Among the big blockers in getting to this state will be the many concerns about ethics, risk, and compliance. But compliance will rapidly become the space of cognitive computing. Let’s look at the banking industry for illustration… how does a global bank determine that their thousands of locations are in compliance with global, regional, and local legal requirements on operating procedures? They either need to have an army of people reading every legal document and every internal policy to read for discrepancies, or they will train a cognitive assistant to help highlight where potential gaps occur with humans confirming gaps and figuring out how to remediate. Just as cognitive computing is taking center stage for the banking industry, it will take center stage for health care to address issues around safeguarding privacy and complying with HIPAA. It will be embedded into the AI that communicates with patients about their health to limit interactions in the AI dialogs or to report adverse events and dangerous health situations to qualified professionals who can mitigate issues.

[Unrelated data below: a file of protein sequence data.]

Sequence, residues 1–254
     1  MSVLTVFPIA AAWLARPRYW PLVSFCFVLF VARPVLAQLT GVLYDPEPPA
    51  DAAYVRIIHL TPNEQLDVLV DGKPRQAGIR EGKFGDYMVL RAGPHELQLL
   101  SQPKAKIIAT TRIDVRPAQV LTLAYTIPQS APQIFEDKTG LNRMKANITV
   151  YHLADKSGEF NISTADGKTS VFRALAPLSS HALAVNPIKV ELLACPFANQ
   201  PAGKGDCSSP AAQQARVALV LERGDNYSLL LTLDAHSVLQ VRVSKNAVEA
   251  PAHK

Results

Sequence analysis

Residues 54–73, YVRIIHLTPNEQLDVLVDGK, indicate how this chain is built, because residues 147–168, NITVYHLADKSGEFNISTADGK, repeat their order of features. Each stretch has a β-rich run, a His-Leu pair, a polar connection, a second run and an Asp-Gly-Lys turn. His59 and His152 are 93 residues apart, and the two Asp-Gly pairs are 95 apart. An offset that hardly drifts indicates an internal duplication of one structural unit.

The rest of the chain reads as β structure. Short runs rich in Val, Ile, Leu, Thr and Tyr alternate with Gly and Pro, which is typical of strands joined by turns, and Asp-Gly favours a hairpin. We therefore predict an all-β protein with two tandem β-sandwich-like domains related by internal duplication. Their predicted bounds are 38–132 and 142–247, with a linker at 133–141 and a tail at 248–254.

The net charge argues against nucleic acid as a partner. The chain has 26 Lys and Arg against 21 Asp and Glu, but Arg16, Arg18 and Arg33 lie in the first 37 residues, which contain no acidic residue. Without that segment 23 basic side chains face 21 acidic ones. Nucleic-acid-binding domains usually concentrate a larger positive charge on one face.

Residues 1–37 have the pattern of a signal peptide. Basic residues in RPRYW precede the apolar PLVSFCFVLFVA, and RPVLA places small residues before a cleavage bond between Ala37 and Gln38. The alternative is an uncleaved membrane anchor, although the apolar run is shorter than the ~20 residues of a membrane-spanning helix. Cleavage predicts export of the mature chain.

So here is the list of why my Cognitive AI health coach is coming and accelerating as it comes…
1. The patient wants to be engaged in their preferred context and not have to actively seek out health and behavioral information
2. Gleaning the patient’s intent and reality of mood will best come from hearing things they say and being able to cognitively process speech vs. asking for complex forms to be entered
3. The knowledge bases are consolidating in clouds that an AI assistant can pull from